Scottish Daily Mail


- by Char­lie Whe­lan Former Labour ad­vi­sor Char­lie Whe­lan is a pas­sion­ate fly fish­er­man and a Fish­ing Group Am­bas­sador for the Scot­tish Game­keep­ers’ As­so­ci­a­tion.

ANY­ONE who doubts the im­pact salmon farm­ing is hav­ing on our pre­cious ma­rine en­vi­ron­ment should swim un­der these fish tanks and see for them­selves what oth­ers have al­ready found – acres of dead sea. Ev­ery­thing down there is dead.

When you have hun­dreds of thou­sands of fish swim­ming round in a con­fined space, then it doesn’t take a ge­nius to work out what the con­se­quence is go­ing to be. We have a se­ri­ous pol­lu­tion prob­lem that has been re­spon­si­ble for wip­ing out sea trout on the West Coast of Scot­land.

Wild salmon could be next, al­though the Scot­tish Gov­ern­ment is more in­ter­ested in push­ing to dou­ble pro­duc­tion to 300,000400,000 tons by 2030.

It seems to ig­nore how poorly reg­u­lated the present in­dus­try is. It is dif­fi­cult to know whether this is sim­ply out of in­com­pe­tence or some­thing more sin­is­ter.

Ei­ther way, the ev­i­dence is stack­ing up – prob­lems with sea lice, farmed salmon es­capes and pol­lu­tion of sea lochs around the farm tanks – and yet the Scot­tish Gov­ern­ment can­not, or will not, act.

Now an in­flu­en­tial Holy­rood com­mit­tee has re­leased a with­er­ing re­port into the state of the in­dus­try, call­ing for ur­gent re­forms to pre­vent Scot­land’s ma­rine ecosys­tem suf­fer­ing ‘ir­recov­er­able dam­age’.

The farmed salmon in­dus­try has long ar­gued it has a vi­tal role to play in re­mote com­mu­ni­ties, cre­at­ing a huge amount of jobs, but few peo­ple work on these farms and of­ten they are not lo­cal.

And what about the real, lo­cal jobs that are be­ing lost through the dec­i­ma­tion of wild salmon and trout stocks? I am con­vinced an­gling pro­vides more jobs and gen­er­ates more rev­enue than salmon farms.

There is a mis­con­cep­tion that peo­ple who hunt, shoot and fish are all toffs, but many are or­di­nary work­ing peo­ple who, like me, have a pas­sion for fish­ing.

I should stress that I am not against salmon farm­ing per se, just the way it is done. Why, for in­stance, have fac­tory farms been al­lowed to po­si­tion them­selves along frag­ile stretches of our West Coast, where wild salmon are ex­posed to dis­ease and pol­lu­tion from salmon farms? There are fears, too, that the ge­netic in­tegrity of wild salmon has been harmed through breed­ing with farmed fish that have es­caped.

The so­lu­tion is to site the tanks on land, so that there is a clear sep­a­ra­tion be­tween farmed and wild fish. That is what the Scot­tish Game­keep­ers’ As­so­ci­a­tion, with whom I work, have rec­om­mended. The tanks would not have to be far from where the nets are cur­rently sited and the same loch wa­ter could be pumped through the tanks so it would be the same prod­uct but pro­duced in a safer, cleaner en­vi­ron­ment.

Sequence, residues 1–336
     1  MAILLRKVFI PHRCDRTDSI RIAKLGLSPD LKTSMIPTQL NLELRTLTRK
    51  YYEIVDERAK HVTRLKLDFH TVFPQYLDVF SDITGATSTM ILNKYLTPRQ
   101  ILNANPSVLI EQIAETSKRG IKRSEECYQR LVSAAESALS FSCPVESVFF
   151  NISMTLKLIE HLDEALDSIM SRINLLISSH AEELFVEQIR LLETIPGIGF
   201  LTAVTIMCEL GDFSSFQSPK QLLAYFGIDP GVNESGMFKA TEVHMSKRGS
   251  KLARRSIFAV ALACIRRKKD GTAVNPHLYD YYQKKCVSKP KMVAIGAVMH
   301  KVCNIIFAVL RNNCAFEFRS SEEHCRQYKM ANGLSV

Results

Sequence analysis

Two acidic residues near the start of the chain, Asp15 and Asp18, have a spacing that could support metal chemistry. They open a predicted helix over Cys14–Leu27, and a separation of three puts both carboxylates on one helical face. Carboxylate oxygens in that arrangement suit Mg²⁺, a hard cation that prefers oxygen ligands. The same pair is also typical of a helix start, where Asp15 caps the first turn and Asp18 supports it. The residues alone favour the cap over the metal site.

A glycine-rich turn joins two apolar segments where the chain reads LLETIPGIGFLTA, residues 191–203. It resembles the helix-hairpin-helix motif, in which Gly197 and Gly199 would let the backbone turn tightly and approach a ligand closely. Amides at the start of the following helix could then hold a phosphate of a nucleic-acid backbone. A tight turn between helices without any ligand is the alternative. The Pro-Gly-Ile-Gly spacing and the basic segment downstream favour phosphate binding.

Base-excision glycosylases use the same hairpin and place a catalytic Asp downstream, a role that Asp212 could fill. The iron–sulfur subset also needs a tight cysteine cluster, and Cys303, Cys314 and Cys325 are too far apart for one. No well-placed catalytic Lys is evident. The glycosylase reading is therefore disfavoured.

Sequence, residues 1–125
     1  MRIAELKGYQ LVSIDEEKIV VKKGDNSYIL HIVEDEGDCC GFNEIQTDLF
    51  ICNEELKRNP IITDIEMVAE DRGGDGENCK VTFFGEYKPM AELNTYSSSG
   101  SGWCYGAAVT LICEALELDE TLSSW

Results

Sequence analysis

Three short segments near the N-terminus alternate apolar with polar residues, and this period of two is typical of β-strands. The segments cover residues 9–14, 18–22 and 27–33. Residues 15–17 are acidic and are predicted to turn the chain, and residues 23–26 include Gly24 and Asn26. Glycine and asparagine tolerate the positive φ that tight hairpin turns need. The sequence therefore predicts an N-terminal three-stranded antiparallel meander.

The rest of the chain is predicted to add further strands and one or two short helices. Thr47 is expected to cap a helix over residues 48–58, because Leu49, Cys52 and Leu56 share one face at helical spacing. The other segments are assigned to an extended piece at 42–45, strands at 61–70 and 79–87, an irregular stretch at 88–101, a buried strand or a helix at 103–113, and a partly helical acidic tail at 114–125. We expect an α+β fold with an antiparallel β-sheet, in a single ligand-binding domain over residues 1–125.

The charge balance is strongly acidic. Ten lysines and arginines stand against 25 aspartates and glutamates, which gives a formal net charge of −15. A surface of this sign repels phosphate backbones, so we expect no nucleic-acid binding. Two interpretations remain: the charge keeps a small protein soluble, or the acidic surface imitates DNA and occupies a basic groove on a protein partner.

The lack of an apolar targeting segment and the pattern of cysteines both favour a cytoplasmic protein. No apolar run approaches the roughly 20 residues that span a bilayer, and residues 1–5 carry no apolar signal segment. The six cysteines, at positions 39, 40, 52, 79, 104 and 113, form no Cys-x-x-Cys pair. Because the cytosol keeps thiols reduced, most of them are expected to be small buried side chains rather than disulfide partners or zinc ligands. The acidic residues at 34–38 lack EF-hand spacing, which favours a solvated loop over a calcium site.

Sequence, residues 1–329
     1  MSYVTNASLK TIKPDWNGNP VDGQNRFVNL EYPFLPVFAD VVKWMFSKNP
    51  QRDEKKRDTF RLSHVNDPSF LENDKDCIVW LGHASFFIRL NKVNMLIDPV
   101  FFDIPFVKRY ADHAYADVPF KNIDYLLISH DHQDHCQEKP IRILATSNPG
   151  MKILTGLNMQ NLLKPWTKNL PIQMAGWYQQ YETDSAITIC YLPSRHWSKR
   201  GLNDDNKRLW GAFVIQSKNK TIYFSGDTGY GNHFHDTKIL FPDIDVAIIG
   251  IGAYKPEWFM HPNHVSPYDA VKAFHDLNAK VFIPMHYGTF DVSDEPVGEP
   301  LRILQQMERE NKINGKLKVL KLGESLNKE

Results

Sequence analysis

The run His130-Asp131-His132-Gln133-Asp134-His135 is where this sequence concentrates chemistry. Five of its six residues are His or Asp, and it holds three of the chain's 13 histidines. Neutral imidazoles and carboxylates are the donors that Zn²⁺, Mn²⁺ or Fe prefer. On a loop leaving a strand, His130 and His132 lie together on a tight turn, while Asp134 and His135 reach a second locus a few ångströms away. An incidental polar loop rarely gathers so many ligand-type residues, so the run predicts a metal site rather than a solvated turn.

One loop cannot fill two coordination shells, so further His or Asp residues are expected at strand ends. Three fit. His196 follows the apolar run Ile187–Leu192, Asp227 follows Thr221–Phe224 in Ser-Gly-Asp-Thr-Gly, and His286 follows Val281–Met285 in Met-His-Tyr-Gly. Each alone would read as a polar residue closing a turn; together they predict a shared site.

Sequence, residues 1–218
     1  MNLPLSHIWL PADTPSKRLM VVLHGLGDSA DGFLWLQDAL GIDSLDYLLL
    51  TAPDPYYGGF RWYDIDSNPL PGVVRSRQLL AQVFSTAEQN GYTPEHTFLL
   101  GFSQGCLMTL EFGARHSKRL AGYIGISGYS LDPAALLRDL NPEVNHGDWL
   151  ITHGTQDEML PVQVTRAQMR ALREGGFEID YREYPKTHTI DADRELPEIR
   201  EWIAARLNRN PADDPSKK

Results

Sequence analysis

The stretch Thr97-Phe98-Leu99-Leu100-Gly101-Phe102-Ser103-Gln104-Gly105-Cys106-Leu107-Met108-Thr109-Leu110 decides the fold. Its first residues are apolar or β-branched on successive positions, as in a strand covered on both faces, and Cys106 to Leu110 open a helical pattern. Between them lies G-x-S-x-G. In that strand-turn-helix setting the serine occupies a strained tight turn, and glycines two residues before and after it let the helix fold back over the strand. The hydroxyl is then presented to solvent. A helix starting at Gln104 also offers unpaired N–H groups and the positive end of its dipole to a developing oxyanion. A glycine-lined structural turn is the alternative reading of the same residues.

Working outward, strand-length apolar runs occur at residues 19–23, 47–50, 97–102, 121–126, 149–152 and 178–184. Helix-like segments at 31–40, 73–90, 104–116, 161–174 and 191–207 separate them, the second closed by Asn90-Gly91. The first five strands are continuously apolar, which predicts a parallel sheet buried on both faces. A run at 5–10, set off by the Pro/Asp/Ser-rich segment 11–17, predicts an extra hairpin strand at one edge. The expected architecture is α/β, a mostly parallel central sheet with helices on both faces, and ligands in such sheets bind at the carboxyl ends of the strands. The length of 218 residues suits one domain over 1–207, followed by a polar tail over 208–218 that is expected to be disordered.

It would re­quire a de­gree of in­vest­ment from the in­dus­try, which prob­a­bly ex­plains why they are drag­ging their heels. The world’s big­gest land-based tank for grow­ing mar­ket-sized salmon is al­ready up-and-run­ning at the former air base in Machri­han­ish, near Camp­bel­town, Ar­gyll. As far as I can see, such a sys­tem would be a win-win sit­u­a­tion for every­one in the High­lands.

As an an­gler, I see an­other im­bal­ance that should be cor­rected. While the Gov­ern­ment al­lows fish farms to ex­pand with a speed that seems al­most crim­i­nal, an­glers are fac­ing a clam­p­down with a strict catch and re­lease pol­icy on more than two-thirds of rivers where salmon are in de­cline. We might keep the odd one for the pot, but it is not the an­glers’ fault there are so few fish.

On the Spey where I live, for ex­am­ple, an­glers have done a mas­sive amount of work restor­ing burns, mak­ing sure that ev­ery­thing is right for the salmon to spawn and then the fish go out to sea and they don’t come back. That is where the prob­lem lies. Stop­ping an­glers from tak­ing the odd fish is just a drop in the ocean.

Salmon and sea trout are re­mark­ably re­silient but we have to act now. Very soon, it will be too late.

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